They don't use ice in Russia - but they do in Lithuania!

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Last June I packed up my things to travel to Russia and Eastern Europe for a few months. It was Memorial Day weekend and I was in a rush to pick up American-themed gifts for friends I would meet during my travels and future hosts and hostesses.

I stopped at the liquor store to pick up some drinks for a party and found an ice cube tray shaped like the U.S.A. I thought it would be perfect to bring as a gift. It's fun, versatile, connected to the U.S.A., easy to pack, and can be gifted to a wide audience. I bought it without hesitation.

I arrive to Petrozavodsk, Russia two weeks later. I meet my host family and thought they'd love the gift. It turns out that ice is not really a Russian thing--at least in my host family. They filter or boil the water first so ice cubes are just another step. Plus, they tell me, drinking cold water is pretty American.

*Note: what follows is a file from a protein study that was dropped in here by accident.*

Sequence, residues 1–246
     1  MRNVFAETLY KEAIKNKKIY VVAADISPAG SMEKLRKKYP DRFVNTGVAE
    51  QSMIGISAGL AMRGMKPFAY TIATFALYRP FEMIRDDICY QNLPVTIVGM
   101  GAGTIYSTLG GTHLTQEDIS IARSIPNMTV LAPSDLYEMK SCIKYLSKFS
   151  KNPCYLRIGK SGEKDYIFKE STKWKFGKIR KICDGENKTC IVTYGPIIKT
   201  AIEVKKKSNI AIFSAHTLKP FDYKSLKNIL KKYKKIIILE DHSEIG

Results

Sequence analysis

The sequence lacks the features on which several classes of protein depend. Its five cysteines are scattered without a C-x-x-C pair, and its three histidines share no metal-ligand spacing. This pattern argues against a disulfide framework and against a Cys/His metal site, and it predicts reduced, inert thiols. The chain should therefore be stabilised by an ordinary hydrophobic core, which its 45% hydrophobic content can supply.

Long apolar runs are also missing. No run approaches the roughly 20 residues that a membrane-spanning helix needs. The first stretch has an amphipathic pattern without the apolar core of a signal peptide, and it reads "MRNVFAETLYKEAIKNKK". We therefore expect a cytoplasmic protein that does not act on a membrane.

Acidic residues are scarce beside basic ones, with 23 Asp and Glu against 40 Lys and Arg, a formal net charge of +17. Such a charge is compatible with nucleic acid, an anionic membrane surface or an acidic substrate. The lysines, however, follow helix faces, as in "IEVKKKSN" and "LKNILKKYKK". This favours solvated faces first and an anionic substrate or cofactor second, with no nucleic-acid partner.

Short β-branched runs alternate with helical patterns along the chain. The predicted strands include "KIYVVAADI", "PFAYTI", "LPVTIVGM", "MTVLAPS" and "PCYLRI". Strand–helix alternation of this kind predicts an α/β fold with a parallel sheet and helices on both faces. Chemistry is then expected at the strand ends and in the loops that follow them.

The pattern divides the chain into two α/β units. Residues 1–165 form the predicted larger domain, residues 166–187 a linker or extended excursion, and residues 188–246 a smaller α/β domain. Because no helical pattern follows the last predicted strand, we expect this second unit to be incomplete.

I lug the ice cube tray from Petrozavodsk to St. Petersburg to Moscow, and then to Tallinn, Estonia and to Viljandi, Estonia and to Riga, Latvia, in hopes that one day I'll find the perfect recipient.

I met up with a close friend from the states and we hitch-hiked from Riga, Latvia to Vilnius, Lithuania. I offered the ice cube tray to our dear driver as a thank you gift and he gladly accepted it. It turns out that he does use ice cubes!

Next time I travel and select gifts for future friends and hostesses, I'll think a bit more about what they actually use in their culture. Glad I found a recipient though!
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